Studies of space have recently shifted to the role of the photograph, and the conceptions of reality and sensations of the immediate past it creates. The photograph is both an object for constructing and a material/medium for transformation in the work of Leslie Hewitt. Her engagement with time and its representations is motivated by the desire to explore the fullness of the experience of observation by limiting and at times ignoring visual convention.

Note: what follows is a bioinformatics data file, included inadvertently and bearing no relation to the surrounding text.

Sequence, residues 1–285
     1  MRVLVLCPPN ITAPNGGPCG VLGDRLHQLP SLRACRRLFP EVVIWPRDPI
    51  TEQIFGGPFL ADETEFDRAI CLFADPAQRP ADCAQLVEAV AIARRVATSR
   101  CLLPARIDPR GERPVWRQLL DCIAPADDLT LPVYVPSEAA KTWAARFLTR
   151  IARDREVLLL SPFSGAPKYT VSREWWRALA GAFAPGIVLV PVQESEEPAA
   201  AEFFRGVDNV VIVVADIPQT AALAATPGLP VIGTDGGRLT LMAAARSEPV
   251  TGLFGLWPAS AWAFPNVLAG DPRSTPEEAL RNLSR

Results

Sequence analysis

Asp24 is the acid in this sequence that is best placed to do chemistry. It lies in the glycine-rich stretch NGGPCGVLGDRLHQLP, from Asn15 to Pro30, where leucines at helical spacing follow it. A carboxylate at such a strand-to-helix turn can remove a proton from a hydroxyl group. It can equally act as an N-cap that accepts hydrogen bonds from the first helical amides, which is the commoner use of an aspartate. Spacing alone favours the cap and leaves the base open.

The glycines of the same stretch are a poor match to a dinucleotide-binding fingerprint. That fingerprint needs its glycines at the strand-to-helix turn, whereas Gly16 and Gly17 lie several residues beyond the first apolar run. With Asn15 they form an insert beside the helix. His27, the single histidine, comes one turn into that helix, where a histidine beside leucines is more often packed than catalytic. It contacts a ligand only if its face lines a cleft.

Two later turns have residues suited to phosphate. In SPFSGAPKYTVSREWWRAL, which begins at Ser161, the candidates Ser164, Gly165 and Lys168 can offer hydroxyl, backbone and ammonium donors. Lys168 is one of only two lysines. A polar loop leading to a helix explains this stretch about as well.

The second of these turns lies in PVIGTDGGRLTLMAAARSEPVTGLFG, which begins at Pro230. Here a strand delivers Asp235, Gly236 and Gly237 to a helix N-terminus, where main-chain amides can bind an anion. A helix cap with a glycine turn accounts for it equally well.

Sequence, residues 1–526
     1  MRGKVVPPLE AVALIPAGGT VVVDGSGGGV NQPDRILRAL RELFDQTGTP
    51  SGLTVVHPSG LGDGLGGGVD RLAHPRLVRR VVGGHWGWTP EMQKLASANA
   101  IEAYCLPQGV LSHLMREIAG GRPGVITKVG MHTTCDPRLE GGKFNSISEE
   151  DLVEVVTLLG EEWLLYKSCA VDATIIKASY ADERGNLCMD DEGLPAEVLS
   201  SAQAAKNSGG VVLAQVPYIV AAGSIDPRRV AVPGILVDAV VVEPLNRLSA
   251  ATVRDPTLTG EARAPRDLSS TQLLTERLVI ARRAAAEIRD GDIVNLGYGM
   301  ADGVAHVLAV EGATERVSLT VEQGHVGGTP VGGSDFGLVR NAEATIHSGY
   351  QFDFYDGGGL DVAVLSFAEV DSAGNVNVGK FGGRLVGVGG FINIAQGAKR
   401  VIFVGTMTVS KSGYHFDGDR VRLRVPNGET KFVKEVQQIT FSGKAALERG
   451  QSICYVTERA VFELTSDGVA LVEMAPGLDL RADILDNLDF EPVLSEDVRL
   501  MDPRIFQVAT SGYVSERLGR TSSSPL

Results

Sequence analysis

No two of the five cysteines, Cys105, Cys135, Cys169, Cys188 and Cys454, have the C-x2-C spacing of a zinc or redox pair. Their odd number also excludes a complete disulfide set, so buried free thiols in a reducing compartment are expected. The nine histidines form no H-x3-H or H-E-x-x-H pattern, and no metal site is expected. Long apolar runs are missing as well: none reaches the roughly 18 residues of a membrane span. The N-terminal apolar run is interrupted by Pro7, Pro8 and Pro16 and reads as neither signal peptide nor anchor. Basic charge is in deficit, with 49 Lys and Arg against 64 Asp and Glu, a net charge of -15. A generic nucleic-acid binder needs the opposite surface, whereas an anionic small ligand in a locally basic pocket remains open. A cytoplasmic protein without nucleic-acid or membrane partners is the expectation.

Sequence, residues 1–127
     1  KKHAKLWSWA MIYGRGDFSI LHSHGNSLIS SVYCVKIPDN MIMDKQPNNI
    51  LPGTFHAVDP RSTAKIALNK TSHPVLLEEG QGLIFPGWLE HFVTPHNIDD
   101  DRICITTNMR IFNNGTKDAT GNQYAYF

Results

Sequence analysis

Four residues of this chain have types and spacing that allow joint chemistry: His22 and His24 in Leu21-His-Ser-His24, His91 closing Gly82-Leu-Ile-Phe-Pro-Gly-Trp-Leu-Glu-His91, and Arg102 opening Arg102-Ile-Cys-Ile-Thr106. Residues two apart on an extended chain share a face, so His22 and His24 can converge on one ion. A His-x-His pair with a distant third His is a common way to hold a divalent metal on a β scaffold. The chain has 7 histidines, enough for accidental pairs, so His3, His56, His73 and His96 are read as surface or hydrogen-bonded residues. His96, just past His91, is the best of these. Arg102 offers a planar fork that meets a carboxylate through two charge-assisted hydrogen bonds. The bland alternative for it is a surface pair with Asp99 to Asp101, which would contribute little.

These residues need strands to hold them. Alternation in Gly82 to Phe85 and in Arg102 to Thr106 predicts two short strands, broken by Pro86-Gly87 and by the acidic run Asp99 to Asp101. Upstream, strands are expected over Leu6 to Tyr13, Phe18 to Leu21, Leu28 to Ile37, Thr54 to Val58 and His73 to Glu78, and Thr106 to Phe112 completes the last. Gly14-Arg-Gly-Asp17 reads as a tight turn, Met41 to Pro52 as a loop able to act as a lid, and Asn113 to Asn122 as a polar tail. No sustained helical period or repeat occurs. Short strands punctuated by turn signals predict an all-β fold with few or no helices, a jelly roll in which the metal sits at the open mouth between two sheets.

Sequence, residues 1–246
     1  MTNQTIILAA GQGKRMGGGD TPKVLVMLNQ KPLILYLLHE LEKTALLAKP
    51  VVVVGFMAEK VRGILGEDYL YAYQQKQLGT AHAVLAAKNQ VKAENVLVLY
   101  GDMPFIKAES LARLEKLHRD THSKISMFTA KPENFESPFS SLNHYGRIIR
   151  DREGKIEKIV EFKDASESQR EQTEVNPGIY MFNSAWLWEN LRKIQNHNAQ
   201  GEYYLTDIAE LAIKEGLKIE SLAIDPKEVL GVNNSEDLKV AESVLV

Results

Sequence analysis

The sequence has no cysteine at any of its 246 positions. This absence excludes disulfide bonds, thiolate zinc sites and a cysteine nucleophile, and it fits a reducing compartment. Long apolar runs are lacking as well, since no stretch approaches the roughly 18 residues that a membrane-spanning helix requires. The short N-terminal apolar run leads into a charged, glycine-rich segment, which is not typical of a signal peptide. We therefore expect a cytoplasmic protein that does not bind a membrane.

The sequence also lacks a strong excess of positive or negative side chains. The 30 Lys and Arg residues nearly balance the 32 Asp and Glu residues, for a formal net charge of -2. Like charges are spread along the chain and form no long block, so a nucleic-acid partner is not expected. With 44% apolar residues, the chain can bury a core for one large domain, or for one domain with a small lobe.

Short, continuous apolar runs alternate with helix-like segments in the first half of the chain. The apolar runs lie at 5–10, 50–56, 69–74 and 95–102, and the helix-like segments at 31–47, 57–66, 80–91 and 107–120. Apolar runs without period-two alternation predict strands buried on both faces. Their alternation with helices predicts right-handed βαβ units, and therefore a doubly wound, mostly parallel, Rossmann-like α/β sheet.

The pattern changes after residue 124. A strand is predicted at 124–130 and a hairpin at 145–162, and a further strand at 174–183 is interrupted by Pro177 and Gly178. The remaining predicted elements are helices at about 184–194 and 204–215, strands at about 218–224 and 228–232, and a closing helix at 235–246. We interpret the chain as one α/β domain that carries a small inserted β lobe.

Hewitt constructs propositions for considering the relationships among images, text, subject, scale, colour, or texture, all creating an expanded visual field. In her Still Life photographs, for instance, each composition is a continuum of a deconstructed yet reassembled contemporary still life, consisting of found photographs, books, a wood board, a sliced lemon (a nod to 17th-century still life painting), and a copy of James Baldwin’s seminal 1963 book The Fire Next Time. Art historian Courtney J. Martin notes that Hewitt’s images “take on the task of describing rather than photographing, taking, recording, noting, capturing, or any of the actions normally ascribed to the two-dimensional photographic process … what we read into these images is determined by our own connotations led by Hewitt’s vivid photo-real descriptions.”